• I hate domestic violence.
  • I hate that I met someone who abused, controlled and manipulated me to fill his empty bucket of a soul.
  • I hate that I am asked “Why didn’t you just leave.”
  • I hate that I am seen as weak or uneducated or both.
  • I hate that I had to spend thousands and thousands of dollars to keep a vile and abusive boyfriend away from me, my home, my small business and my children.
  • I hate that I am held to a standard in a courtroom that my abuser is not.
  • I hate that my abuser is able to continue to live his life free of any consequences.

I will always promote educating others on the ugliness and trickiness that is domestic violence.  I will promote it with honesty and love and, when necessary, hate.  If that’s offensive to you, I don’t really know how to help you feel better about it.   If you are offended by my hate, you were probably a lot like me, quite frankly, before I was abused and ignorant to what abuse and an abuser look like.  It’s okay.  I don’t hate you for it.  I appreciate that you are taking the time to educate yourself or at least see things differently because of my experience.  And that, my friend, is a lot like love.


When I write about what happened with James, the muddy muck of abuse that’s been lying on the bottom of the pond in my head gets stirred up.   My new mantra is “fight the muck.”  Or, if I’m in a particularly difficult or feisty kind of place, it’s “fuck the muck.” To fight it?   I must stir it up and trudge right through it, there is no other way.  When I stir and trudge, I can figure out how I got stuck in the muck, why I stayed in the muck and how I can get out.


I think figuring out the muck is a long process.  Today?  I feel warm and fuzzy and loved. Not in an artificial way.  Just genuinely content in this moment.  Wednesday night?  I got two hours of sleep.  I really do have to face each day deliberately.  By that I mean, have a plan for practicing self-care throughout the day.  It helps me to stay focused.  But in some ways, I think it makes me avoid the trauma.  So when I encounter a trigger?  I’m stuck all over again.  That is the nature of PTSD and that is the nature of recovering from abuse.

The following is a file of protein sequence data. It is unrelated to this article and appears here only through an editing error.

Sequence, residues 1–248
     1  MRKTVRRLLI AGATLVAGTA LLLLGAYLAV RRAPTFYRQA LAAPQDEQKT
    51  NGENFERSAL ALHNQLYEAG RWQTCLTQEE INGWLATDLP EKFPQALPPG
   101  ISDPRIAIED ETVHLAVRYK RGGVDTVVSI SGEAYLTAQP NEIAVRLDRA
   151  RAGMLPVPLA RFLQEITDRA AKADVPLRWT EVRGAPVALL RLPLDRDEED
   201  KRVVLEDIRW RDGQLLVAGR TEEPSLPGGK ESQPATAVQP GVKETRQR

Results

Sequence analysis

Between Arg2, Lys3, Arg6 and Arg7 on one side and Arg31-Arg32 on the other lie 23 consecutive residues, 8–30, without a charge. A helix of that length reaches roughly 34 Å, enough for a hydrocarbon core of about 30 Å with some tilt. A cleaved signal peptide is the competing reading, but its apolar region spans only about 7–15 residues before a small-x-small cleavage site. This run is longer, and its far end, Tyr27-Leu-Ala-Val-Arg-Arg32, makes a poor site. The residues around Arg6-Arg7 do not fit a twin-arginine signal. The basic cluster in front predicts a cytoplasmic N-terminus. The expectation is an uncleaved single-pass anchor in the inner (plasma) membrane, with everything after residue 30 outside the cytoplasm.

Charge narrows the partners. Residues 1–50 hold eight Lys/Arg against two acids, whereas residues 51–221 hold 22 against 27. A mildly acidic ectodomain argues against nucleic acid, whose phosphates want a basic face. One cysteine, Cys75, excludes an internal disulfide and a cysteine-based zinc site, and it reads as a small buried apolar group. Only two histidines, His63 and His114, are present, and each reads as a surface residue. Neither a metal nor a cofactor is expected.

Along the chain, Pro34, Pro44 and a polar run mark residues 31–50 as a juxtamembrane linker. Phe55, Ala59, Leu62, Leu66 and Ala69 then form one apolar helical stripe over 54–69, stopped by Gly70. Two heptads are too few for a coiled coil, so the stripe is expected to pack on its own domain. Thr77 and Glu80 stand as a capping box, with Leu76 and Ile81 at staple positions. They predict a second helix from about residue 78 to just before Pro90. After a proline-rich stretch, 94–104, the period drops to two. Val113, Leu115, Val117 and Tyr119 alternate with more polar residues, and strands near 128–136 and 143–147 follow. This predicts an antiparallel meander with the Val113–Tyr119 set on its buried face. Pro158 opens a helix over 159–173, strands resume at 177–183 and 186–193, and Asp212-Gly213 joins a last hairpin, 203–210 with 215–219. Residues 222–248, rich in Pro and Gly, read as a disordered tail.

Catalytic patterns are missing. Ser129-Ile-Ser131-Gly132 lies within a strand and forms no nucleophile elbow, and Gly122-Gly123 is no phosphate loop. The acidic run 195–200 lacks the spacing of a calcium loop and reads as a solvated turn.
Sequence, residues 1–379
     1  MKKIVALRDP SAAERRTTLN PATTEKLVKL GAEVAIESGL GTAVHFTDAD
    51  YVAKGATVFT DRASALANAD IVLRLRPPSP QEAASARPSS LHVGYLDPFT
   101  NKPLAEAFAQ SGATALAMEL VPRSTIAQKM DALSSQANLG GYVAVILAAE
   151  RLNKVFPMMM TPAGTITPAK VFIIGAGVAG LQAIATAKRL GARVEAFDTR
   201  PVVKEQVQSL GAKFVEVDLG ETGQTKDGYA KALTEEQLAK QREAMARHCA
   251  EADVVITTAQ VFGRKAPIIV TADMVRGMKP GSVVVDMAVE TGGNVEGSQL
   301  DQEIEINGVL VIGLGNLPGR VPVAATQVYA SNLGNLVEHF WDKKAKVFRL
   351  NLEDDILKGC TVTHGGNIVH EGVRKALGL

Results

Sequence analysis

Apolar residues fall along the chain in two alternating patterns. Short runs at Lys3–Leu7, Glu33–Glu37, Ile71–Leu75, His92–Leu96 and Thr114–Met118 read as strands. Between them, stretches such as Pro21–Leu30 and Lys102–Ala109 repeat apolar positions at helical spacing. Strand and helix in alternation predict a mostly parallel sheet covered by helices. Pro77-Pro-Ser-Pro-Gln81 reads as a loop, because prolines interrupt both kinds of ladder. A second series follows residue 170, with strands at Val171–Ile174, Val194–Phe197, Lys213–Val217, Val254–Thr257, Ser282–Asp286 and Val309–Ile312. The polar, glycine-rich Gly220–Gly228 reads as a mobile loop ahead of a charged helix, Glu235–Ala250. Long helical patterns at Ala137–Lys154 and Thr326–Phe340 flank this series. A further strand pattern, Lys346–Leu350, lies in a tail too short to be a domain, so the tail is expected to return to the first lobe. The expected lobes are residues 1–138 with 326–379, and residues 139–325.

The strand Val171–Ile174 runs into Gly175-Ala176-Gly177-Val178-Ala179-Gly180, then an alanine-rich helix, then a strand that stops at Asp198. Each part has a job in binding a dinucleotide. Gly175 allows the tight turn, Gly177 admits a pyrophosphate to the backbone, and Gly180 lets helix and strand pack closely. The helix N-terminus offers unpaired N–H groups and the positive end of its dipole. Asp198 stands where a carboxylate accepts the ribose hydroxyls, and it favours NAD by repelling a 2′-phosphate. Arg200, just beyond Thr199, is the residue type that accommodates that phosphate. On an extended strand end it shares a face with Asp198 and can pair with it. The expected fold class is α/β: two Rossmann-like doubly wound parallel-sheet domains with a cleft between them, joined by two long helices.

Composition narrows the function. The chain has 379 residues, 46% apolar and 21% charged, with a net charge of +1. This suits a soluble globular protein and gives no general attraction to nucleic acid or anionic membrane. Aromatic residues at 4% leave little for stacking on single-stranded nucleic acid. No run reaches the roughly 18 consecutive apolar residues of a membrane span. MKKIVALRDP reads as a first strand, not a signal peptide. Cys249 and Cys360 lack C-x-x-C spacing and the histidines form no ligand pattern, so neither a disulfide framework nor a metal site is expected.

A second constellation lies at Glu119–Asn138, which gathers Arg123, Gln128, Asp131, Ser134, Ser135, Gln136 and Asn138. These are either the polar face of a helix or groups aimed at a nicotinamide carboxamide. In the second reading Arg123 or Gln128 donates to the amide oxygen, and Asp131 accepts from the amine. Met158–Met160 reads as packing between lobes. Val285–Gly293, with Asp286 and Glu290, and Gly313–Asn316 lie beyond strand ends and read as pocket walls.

Right now I am comfortable leaving what happened at the bottom of the pond.  I don’t want to stir it up.  I don’t want to talk to my therapists or friends or random people at the Jewel (just kidding, I am so not that person) about James or specific things that occured that were twisted and vile.  If I leave them in the muck, I can float on the top. Unfortunately, the ick of the muck gets stirred up in ways that are unpredictable and I sink.  I need to figure out a way to talk through some of this.  Today?  I can’t do that. Tomorrow?  Pretty unlikely.   Yes, I write about it here but I don’t say the hard things that need to be said.

This weekend, my son turns 17.  Knowing that I am raising a child who loves me, loves his sister, thinks of women as his equal and would never intentionally hurt anyone?  That helps me.  It helps because he is a genuinely good person and full of love.  And he will pass that along to those he encounters throughout his life.  He will never intentionally confuse, control, maniuplate or pathologically lie to the people he loves.  He is nothing at all like James.  For me, that is healing because Charlie is part of me, too.  And his love is part of my love.  Love that we actually feel and not manufacture through a false self.  I have to hold onto things like this.  Because these are the things that matter.  And these are the things that help me get out of the muck.




Dear James, Part 8

Dear James,

I would like you to look at this picture.  This is little me.


It’s hard for me to imagine that the little blonde pig-tailed me would ever bear witness to, let alone experience, domestic violence by someone who initially showered her with so much love and kindness.

I sometimes think that what you saw in me was this little girl.  Someone sweet and kind and vulnerable.  Someone who could bend to your insatiable need to fill your empty bucket.  That’s pretty fucking cruel, don’t you think?

That little girl?   She was enough even as that five year-old.  As the 43 year-old that you met?  She was still enough.  I am enough.  I didn’t need to change who I was, however hard I tried, when we were together.  And I don’t need to change who I am now.  I’m a good person.  The fact that you chose not to see that is not my problem.  It was never my problem.  It is your problem,  James.  All you.

You once said that a friend of mine didn’t understand what was happening between us because she was not hearing your side of the story, only mine.  Guess what?  She didn’t need to hear your side of the story.  It was full of deceit and control and sociopathy.  You don’t get the courtesy of “your side of the story” when it comes to what you did to me unless it’s in the courtroom.  Because I was there.  I was not disordered and I know what you did to me.  All of it.